This November, Governor Gianforte released his proposed budget, which included a state child tax credit (CTC). For families with children, a state CTC is one of the best-targeted ways to reduce poverty if they are structured to reach those with the lowest wages. The executive budget includes a CTC set at $1,200 per child under the age of six.
With this proposal on the horizon for the next legislative session, let’s look at CTCs, why they are important, and how to best structure them. While we don’t yet have the details on the governor’s proposal, we will cover the research on the most effective ways to structure CTCs to maximize their benefits for families.
What is a child tax credit?
States have options to reduce poverty via state-level tax credits, such as earned income tax credits (EITCs), property tax credits, and CTCs. Twelve states, including Idaho, have enacted state CTCs, and ten others have introduced legislation to create or expand a state-level credit since 2019. While 119,000 households in the state currently benefit from the federal CTC, Montana currently has no state CTC.
Why is a state CTC important for Montana?
The CTC has gained plenty of attention over the past few years, primarily because of the expansion of the federal CTC. In 2021, Congress increased the federal CTC by $1,000 for children over the age of six and by $1,600 for those under the age of six. For the first time ever, the federal CTC was also made fully available to those living in poverty (more on that below).
As the credit was made fully available to those living in poverty, it led to widespread reductions in childhood poverty. If the credit had been made permanent, it would have helped lift 45 percent of all Montana children and 59 percent of American Indian/Alaska Native (AI/AN) children in Montana out of poverty.
Unlike a tax cut for the wealthy, a state CTC would help people struggling with the rising prices of goods, the high cost of child care, and high housing costs.
What’s the best way to structure a child tax credit?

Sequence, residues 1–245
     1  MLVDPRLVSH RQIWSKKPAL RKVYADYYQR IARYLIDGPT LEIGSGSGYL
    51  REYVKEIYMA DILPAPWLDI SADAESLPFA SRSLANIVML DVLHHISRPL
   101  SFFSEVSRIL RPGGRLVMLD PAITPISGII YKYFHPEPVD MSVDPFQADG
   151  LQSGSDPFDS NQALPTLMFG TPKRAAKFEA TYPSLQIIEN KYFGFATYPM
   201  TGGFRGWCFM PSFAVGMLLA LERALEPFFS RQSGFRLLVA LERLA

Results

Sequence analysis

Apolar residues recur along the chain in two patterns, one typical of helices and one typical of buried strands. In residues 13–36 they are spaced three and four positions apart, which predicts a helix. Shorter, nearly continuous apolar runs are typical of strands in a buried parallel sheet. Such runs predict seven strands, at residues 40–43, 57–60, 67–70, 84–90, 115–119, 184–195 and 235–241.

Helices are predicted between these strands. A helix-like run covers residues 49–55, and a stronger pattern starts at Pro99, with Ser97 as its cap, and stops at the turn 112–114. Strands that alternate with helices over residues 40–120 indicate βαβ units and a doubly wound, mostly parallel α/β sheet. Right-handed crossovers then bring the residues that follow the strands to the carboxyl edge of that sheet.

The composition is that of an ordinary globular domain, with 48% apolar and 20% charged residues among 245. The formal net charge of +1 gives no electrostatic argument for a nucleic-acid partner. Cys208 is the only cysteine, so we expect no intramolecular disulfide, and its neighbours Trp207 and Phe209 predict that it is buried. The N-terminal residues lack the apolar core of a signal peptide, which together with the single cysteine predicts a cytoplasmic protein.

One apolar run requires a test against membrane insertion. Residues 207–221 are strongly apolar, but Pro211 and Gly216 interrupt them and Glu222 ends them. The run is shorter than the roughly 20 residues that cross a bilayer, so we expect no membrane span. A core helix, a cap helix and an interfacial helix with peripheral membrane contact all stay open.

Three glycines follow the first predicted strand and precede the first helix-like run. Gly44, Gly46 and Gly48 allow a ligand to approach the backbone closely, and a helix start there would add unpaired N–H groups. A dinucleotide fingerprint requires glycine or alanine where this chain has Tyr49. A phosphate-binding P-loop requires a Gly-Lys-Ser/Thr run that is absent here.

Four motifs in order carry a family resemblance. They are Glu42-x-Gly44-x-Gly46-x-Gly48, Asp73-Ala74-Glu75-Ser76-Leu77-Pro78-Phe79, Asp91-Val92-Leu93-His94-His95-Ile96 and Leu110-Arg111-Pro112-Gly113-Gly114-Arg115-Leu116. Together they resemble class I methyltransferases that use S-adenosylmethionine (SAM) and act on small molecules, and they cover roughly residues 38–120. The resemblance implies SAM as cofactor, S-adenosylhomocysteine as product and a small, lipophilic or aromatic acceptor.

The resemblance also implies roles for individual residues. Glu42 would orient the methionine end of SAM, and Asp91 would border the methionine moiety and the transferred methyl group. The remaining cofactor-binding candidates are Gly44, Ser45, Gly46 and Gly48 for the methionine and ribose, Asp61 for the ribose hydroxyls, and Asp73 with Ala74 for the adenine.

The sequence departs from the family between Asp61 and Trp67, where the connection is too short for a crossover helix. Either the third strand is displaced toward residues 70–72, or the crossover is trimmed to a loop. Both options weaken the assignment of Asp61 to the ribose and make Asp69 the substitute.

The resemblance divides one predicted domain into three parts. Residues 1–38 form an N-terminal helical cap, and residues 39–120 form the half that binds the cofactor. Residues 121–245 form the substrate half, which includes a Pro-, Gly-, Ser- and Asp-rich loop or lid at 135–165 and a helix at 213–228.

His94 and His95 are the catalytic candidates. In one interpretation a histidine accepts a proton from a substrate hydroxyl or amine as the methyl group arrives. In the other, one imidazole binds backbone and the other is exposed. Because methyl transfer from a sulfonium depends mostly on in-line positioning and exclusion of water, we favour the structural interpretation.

Child tax credits help families with the cost of raising children, but to help lift families out of poverty; they need to be structured in a certain way. The best way to structure a tax credit involves something called “refundability,” which means a credit is fully available to families living on low incomes.
If a tax credit is refundable, families receive the full amount of the credit even if their tax bill is less than the size of the credit. The remaining amount goes to the family as a refund. Families can then put their tax refund towards expenses, which helps reduce economic hardship while supporting local economies.
Refundability is one of the best ways to ensure that tax credits reduce poverty and inequity. If a credit is not refundable, a state spends far more resources on people living on high incomes. Non-refundable tax credits further unbalance our tax code and reinforce racial and economic disparities.
CTCs should also have an upper-income limit so that state resources are being invested in people who could most use tax assistance, not the wealthy. Wealthy taxpayers are also disproportionately white, meaning tax cuts for the wealthy end up reinforcing racial wealth gaps. A targeted and refundable state CTC can help ensure all Montana families can provide for their children – no matter their race.
We should note that the executive branch’s proposed CTC is only for families with children under the age of six. Families with younger children are more likely to live in poverty than those with older children. In Montana, 17 percent of children under age six live in poverty, compared to 13 percent of those aged six to 17. A tax credit targeted to young children can help reduce poverty during critical developmental years, but it nevertheless leaves behind thousands of children still living in poverty.
What are the benefits of a CTC?
The evidence from the temporary boost in the federal CTC in 2021 highlights how Montanans used their CTC and the clear benefits of the credit. Over half of Montana parents bought food for their family, resulting in fewer food-insecure families. Parents also used the credit to pay down debt, manage bills, afford child care, and buy clothing and school supplies.
Despite the immediate benefits, the effects of larger CTCs aren’t temporary. Increases in CTCs have also been linked to better school performance and higher future earnings. A child allowance is also associated with less involvement from child protective services and criminal justice services.
What other tax credits can benefit workers and families?
A CTC has the potential to improve the lives of thousands of Montana families if structured in a way that benefits those who need it the most. The state can also pursue other tax credits that would help improve inequities in our tax code. These changes would include an increase to the Earned Income Tax Credit (which was not included in the governor’s budget) and an expanded property tax credit.
For more information on the CTC and these other tax credits, read our latest report, Tax Credits for Workers and Families.
MBPC is a nonprofit organization focused on providing credible and timely research and analysis on budget, tax, and economic issues that impact low- and moderate-income Montana families.